GE Aviation’s Advanced Turboprop engine, the first clean-sheet turboprop engine to hit the Business and General Aviation (BGA) market in more than 30 years, successfully completed its first engine test run at GE Aviation’s facility in Prague, Czech Republic, on Friday (December 22).
“Running the Advanced Turboprop engine this year was our biggest and most important goal,” said Brad Mottier, vice president and general manager of GE Aviation's BGA and Integrated Systems organization. “This milestone comes as a result of two years of tremendous effort by a worldwide team. We’re developing a real catalyst for the BGA market and we’re executing on plan. The integration of proven technologies has expedited the design, development and certification cycle of the engine.”
The Advanced Turboprop engine will begin certification testing in 2018. The engine will power Textron Aviation’s new Cessna Denali, which is expected to fly in late 2018. By the time the Denali enters into service, the engine will have completed more than 2000 hours of testing.
“The continued testing will generate valuable data from the engine and validate the aerodynamics, mechanics, and aerothermal systems,” said Paul Corkery, general manager for GE Aviation Turboprops. “With the engine run and most of the individual component testing completed, early indications show that we will meet or exceed all the performance numbers we have quoted for the engine.”
The new 1,240 SHP-rated Advanced Turboprop engine is in the family of turboprop engines aimed at BGA aircraft in the 1,000-1,600 SHP range. With 79 new technologies introduced, the engine offers a portfolio of advanced technology, as well as unparalleled performance and efficiency.
The Advanced Turboprop engine features an industry-best 16:1 overall pressure ratio, enabling the engine to achieve as much as 20 percent lower fuel burn and 10 percent higher cruise power compared to competitor offerings in the same size class. At 4,000 hours, it offers 33 percent more time between overhaul than its leading competitor.
When installed on the Denali, these engine efficiencies allow for a larger cabin experience with a comfortable 6000-foot cabin altitude at a 30,000-foot cruising altitude, as well as class-leading, low cost of operation compared to smaller aircraft in the category.
The Advanced Turboprop engine's proven technology developed from GE’s large commercial and regional engines has reduced engine development risk and timing. It is the first turboprop engine in its class to introduce two stages of variable stator vanes and cooled high-pressure turbine blades, proven technologies developed by GE in its large commercial engines and flown more than 1.3 billion flight hours. With the use of advanced 3-dimensional aerodynamics, improved materials, and cooled turbine technologies, the Advanced Turboprop engine will deliver significantly higher efficiency, as well as greater performance and durability than other engines in its class.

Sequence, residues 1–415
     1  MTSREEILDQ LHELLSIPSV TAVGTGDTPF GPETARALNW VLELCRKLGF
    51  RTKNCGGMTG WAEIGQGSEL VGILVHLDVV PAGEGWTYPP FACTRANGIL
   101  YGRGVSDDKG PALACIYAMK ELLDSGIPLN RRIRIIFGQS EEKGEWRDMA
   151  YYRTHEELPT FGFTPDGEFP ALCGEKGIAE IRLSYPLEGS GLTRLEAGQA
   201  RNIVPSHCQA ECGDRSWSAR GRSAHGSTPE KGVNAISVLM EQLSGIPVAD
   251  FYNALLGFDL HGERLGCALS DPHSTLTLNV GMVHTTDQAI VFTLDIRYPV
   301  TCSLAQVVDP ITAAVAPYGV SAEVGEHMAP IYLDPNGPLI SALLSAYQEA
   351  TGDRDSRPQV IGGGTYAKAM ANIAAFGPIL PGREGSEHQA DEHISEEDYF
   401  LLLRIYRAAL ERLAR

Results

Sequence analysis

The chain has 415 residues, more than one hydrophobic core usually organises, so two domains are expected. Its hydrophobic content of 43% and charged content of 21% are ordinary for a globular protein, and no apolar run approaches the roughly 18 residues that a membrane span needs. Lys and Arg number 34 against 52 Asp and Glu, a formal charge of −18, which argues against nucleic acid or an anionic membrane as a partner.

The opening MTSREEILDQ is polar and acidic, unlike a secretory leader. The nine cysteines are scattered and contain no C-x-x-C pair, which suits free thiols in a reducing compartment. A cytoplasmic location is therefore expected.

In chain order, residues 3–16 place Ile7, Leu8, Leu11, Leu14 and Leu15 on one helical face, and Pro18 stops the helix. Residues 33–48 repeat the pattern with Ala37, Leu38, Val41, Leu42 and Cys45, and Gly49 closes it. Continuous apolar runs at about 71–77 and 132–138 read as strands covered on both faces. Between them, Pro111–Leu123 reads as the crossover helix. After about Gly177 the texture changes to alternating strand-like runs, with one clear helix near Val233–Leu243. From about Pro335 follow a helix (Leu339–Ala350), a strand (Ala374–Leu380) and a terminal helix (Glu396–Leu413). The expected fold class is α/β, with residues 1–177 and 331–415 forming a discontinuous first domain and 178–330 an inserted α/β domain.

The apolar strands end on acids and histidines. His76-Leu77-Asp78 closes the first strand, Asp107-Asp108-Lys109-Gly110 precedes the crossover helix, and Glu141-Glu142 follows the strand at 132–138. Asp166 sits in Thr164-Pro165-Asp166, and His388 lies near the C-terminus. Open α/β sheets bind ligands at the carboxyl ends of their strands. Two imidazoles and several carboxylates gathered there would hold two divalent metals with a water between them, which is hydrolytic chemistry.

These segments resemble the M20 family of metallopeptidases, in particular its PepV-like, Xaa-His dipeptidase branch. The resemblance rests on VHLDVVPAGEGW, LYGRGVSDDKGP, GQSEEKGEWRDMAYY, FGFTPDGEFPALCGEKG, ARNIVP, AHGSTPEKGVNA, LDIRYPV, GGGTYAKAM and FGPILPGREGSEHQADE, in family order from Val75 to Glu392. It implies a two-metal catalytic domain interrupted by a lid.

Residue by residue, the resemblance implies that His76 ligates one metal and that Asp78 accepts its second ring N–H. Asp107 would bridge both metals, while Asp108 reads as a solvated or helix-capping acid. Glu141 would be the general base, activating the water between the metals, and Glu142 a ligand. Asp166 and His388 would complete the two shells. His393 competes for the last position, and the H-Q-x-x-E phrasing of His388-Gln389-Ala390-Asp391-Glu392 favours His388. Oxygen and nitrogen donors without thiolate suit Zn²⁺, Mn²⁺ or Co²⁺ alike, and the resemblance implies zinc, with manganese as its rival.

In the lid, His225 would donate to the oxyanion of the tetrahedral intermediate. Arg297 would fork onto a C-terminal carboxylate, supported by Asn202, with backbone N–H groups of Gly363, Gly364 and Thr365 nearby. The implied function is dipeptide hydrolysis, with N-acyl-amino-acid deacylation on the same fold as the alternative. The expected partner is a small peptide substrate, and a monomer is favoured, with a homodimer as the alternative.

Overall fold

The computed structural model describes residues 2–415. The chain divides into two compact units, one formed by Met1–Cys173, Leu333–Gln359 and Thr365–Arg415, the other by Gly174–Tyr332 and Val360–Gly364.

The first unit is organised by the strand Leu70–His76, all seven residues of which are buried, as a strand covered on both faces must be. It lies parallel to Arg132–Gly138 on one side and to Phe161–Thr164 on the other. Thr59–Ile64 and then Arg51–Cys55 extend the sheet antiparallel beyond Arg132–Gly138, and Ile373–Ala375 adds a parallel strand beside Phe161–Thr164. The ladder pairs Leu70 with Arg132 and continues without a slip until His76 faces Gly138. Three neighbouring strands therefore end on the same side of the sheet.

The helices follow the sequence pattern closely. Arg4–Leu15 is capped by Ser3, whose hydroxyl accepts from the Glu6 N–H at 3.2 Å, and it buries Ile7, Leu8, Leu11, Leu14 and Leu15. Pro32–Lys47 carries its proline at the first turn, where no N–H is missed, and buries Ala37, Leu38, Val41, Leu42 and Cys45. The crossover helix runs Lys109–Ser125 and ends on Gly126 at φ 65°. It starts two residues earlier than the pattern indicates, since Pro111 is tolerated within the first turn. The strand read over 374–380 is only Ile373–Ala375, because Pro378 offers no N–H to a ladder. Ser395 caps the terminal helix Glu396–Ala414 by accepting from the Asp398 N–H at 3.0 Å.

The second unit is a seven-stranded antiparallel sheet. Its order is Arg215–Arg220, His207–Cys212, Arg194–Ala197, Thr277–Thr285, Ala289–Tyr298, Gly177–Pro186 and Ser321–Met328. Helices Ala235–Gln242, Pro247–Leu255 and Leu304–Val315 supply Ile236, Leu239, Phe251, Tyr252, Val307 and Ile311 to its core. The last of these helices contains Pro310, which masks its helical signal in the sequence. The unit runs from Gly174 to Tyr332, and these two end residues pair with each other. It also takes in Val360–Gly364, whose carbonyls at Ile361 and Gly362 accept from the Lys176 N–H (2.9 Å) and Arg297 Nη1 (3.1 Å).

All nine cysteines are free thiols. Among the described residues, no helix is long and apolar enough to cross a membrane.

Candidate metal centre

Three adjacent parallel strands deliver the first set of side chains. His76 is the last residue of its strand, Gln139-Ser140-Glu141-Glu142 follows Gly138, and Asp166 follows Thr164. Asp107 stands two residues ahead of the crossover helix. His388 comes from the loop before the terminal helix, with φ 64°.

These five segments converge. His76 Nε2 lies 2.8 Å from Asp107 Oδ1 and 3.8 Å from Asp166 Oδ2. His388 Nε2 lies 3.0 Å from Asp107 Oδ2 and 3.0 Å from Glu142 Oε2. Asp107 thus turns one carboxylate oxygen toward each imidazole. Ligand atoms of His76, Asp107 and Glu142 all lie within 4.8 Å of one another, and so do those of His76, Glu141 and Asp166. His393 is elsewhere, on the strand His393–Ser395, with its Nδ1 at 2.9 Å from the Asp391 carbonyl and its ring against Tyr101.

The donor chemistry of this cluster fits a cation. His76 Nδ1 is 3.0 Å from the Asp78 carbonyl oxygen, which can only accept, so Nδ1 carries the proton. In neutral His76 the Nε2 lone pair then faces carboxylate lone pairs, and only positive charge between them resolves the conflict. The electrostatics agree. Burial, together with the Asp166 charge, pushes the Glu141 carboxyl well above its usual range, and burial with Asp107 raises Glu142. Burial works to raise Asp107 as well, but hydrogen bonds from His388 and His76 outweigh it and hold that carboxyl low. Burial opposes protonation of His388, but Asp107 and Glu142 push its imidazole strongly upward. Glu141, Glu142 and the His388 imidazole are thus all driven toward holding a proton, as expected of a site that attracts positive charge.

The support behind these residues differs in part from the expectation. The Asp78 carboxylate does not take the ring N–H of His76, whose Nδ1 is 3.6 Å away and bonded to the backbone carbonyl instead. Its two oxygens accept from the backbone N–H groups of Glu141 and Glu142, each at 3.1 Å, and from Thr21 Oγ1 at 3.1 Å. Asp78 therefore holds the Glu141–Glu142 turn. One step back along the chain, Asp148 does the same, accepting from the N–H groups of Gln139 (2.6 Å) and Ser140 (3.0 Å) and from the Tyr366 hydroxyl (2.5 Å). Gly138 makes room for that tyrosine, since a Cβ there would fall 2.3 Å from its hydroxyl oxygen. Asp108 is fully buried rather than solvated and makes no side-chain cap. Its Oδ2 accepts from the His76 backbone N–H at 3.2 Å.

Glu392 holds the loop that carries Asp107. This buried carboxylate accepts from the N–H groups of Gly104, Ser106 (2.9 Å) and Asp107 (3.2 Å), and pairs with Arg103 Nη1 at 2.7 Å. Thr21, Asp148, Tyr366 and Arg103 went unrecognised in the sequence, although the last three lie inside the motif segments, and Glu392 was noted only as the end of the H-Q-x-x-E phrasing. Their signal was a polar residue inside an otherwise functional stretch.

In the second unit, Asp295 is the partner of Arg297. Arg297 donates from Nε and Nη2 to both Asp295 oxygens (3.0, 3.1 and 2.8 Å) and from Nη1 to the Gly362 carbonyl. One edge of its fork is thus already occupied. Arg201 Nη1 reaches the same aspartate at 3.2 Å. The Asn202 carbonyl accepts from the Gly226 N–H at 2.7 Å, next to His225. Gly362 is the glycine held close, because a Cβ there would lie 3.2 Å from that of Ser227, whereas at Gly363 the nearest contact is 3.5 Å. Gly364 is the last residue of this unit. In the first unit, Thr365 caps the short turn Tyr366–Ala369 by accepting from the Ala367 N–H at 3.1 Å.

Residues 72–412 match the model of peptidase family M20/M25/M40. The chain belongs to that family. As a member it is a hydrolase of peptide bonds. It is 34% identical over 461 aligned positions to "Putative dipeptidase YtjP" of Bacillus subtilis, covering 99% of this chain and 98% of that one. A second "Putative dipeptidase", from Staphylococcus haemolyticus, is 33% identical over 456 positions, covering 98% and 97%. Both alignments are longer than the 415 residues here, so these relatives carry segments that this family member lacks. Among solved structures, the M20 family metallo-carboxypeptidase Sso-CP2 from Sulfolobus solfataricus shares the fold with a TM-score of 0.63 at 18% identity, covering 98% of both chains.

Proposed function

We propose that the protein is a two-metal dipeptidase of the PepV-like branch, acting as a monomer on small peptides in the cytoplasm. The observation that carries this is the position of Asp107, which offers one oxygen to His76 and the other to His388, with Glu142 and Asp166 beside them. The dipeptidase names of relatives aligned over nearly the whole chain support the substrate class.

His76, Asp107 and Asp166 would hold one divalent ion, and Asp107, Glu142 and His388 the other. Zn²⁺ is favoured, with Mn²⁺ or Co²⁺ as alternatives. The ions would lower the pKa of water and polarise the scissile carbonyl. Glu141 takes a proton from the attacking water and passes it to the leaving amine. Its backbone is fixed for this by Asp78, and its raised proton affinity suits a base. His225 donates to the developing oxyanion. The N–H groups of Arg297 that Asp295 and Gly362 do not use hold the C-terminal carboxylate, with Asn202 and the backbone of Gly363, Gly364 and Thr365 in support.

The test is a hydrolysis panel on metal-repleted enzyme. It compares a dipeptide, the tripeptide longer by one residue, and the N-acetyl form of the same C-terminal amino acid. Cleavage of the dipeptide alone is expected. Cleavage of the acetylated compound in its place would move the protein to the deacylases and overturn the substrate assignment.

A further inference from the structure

The Advanced Turboprop engine includes more printed components than any production engine in aviation history with 35 percent of the turboprop's parts built via additive manufacturing. A total of 855 conventionally manufactured parts has been reduced to 12 additive parts, including sumps, bearing housings, frames, exhaust case, combustor liner, heat exchangers and stationary flow path components. Additive components reduce the ATP's weight by 5 percent while contributing a 1 percent improvement in specific fuel consumption (SFC).
Since Mottier unveiled the Advanced Turboprop engine at the National Business Aviation Association (NBAA) Convention in November of 2015, GE Aviation has committed more than $400 million in development costs for the engine. GE also finalized an agreement with the Czech government to build its new turboprop headquarters for development, test and engine-production in the Czech Republic. When complete and at full production rate, this new facility is expected to have 500 additional employees. GE Aviation Czech has already added around 180 jobs, with another 80 expected in 2018.
The Latvian airline airBaltic in February 2018 has transported 215 839 passengers or 23% more than last year to its network spanning Europe, Scandinavia, Russia, CIS and the Middle East. This is a new...
The GE9XTM engine lifted off on March 13 under wing of GE Aviation’s 747 flying testbed in Victorville, California, for its first flight test. The engine that will power Boeing’s new 77...
Textron Aviation Inc., announced it has completed initial wind tunnel testing of its new twin-engine Cessna SkyCourier turboprop. Results from comprehensive wind tunnel tests will provide pe...
Even though the air passenger market is protected by the European law, namely regulation no. 261/2004, lately it seems to have lost its influence on the market players. As continuing airline clashes w...